We are half-way through our month in the wilds of Brazil, and just spent an extraordinary week in the southern Amazon basin. At one level, going after wildlife in the rainforest is a complete crap shoot – you never know what you will find, if anything. Some days are quiet, with nothing visible, and others are full of mind-boggling things. This was one of those days.
Tapirs are the largest mammals in South America, the size of a small rhino, with a prehensile nose and short bristly hair. I have seen several over the years, but I have never before seen four in a single day, bathing in the waters of the Cristalino River. It was hot and humid, and a swim sounded like a splendid idea, especially to the tapirs. Typically nocturnal, these tapirs were out in the middle of the day.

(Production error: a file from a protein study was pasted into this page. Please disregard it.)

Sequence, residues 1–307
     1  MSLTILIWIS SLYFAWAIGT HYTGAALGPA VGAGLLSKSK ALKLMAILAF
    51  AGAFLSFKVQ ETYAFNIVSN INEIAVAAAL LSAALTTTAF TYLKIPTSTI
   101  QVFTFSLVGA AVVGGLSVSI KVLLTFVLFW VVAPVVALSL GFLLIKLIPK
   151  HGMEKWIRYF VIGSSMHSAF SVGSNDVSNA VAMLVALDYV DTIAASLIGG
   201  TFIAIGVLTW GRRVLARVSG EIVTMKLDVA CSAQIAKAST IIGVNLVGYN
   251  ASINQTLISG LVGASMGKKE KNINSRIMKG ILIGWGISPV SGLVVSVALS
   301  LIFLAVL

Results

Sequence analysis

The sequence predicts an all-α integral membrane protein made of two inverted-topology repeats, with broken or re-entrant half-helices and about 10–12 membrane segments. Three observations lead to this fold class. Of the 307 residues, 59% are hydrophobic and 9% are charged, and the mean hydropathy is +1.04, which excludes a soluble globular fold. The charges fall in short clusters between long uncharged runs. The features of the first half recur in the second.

This one was swimming along the bank, and I was able to capture it at eye level, in good light and with a flattering background. I had missed a number of shots with distracting backgrounds, or deep shadows, but here I managed to get eye contact, a good look at the snorkel-nose, and a wonderful moment in the life of one of the most difficult animals to see in the Amazon.
Nikon D3 with 300mm f2.8 lens